I had never even heard of 누룽지탕 before and didn’t understand why he started laughing at the menu.

take31 dinner 1201164w.jpg

“누룽지맨하탕?” He laughed before explaining that it was a pun that put Manhattan into the soup’s original Korean name, remaking it into Manhattan-style nurungji soup. The English menu describes it as creamy kimchi stew with crunchy rice, sausages, bacon, broccoli, paprika, and onions. Worried about trying food with a kick? This was barely spicy and felt like a comforting hug that went straight to my belly. Yum.

Image result for 요구르트

A typical Korean 요구르트 drink

We also tried the yogurt soju, which was incredibly refreshing and tasty. The name doesn’t mean yogurt in the general American sense. Have you ever had one of those cute little yogurt drinks from a Korean store? Think of that + iced soju. Again, yum.


Feeling hungry for some 한식 and 소주 yet? Check out the menu in both Korean and English here. This place is slightly pricey, but definitely worth it.

읽어 주셔서 감사합니다! 또 방문해 주시길~


지금 재생 중

TV Shows about Foreigners in Korea


Looking for shows about foreigners in Korea? Trying to improve your Korean by watching fun shows? Look no further. Here are two shows I highly recommend!

Image result for 비정상회담

비정상회담 | Abnormal Summit 

Watch with English subs here.


  • Also known as Non-Summit
  • Talk show/debate format mimicking a UN-style summit
  • Features non-Koreans who are conversational or fluent in Korean
  • Each member represents a different country
  • The summit is headed by three Korean MCs
  • Korean celebrities appear as guests that present a weekly topic, usually social/cultural/personal issues of their own or that are submitted to the show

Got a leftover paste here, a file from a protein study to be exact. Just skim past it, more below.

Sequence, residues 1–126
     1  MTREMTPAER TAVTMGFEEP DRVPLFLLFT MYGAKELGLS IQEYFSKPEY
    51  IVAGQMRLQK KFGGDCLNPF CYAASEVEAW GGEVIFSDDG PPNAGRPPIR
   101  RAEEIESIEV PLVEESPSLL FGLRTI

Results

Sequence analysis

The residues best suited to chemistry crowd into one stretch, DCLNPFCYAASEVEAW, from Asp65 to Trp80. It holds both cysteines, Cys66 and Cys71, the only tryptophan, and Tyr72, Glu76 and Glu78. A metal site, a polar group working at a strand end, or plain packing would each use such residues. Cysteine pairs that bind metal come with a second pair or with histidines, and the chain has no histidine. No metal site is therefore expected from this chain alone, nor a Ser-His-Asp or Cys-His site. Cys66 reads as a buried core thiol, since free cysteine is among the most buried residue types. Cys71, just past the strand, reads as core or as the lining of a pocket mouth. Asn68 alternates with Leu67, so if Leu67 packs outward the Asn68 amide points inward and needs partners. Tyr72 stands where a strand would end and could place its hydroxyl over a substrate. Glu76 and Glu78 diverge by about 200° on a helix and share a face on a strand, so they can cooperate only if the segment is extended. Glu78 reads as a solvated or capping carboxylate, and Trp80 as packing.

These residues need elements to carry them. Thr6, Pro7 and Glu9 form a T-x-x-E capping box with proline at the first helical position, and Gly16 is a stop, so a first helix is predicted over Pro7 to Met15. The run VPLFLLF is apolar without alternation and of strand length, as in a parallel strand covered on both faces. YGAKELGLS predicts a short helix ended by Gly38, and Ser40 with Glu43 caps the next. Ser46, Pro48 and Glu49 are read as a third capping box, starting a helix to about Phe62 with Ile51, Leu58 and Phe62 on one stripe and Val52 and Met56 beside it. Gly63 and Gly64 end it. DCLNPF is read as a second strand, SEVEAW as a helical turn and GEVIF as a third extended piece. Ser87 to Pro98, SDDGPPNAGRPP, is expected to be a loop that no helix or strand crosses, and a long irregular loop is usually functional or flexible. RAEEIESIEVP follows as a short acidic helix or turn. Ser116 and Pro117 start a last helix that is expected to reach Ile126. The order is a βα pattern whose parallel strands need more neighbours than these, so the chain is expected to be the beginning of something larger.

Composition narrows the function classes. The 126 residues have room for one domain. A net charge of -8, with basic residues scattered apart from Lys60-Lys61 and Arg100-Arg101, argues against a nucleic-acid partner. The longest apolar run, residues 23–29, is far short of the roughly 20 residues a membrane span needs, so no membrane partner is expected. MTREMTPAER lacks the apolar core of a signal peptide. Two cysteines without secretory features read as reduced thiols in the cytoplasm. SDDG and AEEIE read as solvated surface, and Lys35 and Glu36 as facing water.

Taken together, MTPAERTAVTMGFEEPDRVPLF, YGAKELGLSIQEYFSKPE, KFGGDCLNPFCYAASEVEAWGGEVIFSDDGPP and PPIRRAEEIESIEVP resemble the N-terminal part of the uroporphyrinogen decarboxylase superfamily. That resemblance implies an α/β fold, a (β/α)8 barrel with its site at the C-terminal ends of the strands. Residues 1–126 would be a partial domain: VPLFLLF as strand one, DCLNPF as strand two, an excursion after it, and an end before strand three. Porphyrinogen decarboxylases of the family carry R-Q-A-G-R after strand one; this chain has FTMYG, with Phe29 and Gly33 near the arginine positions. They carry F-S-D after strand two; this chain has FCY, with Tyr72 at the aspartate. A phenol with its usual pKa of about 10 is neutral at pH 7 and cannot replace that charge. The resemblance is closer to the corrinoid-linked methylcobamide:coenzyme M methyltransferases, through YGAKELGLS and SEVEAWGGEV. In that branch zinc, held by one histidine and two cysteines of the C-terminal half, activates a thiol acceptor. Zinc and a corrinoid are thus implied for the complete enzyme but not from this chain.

• Members vote if the agenda is normal/abnormal and then debate
  • English subtitles easily available
  • Very popular in Korea
  • Many of the original summit members have become foreign celebrities in Korea with CFs and their own businesses

Image result for 비정상회담 cf

If you like watching non-drama shows and are a foreigner, chances are you’ve already heard of this. Abnormal Summit gathers Korean-speaking male foreigners from various countries who are living and working in Korea and engages them in dialogue over cultural differences. Generally, a celebrity guest appears on the show and represents the person who submitted the issue, or they sometimes bring their own problems. The members vote on whether the person is “normal” or “abnormal” and then debate from their respective cultural perspectives.

Naturally, having a single person represent the perspective of, say, all of the United States, or Malaysia, or the UK (shall I go on?), is an enormous simplification. But the show’s concept is fascinating and it is immensely fun to practice Korean by listening to a group of foreigners and three Korean MCs discuss cultural differences and their personal experiences. The foreign members are non-Koreans who are fluent or conversational in Korean. Their pronunciation isn’t always great, and when they make a mistake, all the agony of language-learning suddenly is validated. I’m not the only one who makes mistakes!

Sorry for reveling in the mistakes of others for a moment, but it’s always nice to know you’re not the only one. And if these guys can go on Korean TV and debate difficult cultural conflicts without being fully fluent in Korean, why not you? Why not me? Let’s learn all the Korean! This show has English subtitles available on different sites, so never fear.

This show is comedic much of the time, but also can offer truly intense and in-depth debates and insights on current global issues or national issues, so you won’t just be practicing Korean but also learning about current events.

And yes – only men get to be permanent guests on Abnormal Summit. There was another show, 미녀들의 수다 or “Beautiful Women”, that featured foreign women, but it ended in controversy. What a waste. 미수다 was known by various names like “A Chat with Beauties” or “Global Talk Show” and was fairly popular until its ratings crashed and burned in 2009 when a panelist said that men under 180 cm were losers and she would never date them. Ah, is that so? Great, thanks for ruining the one show featuring foreign women. There was controversy over whether she was forced to say this per a script or if it truly was her opinion, but regardless of the real culprit, the show stopped airing after that.

Image result for 미녀들의수다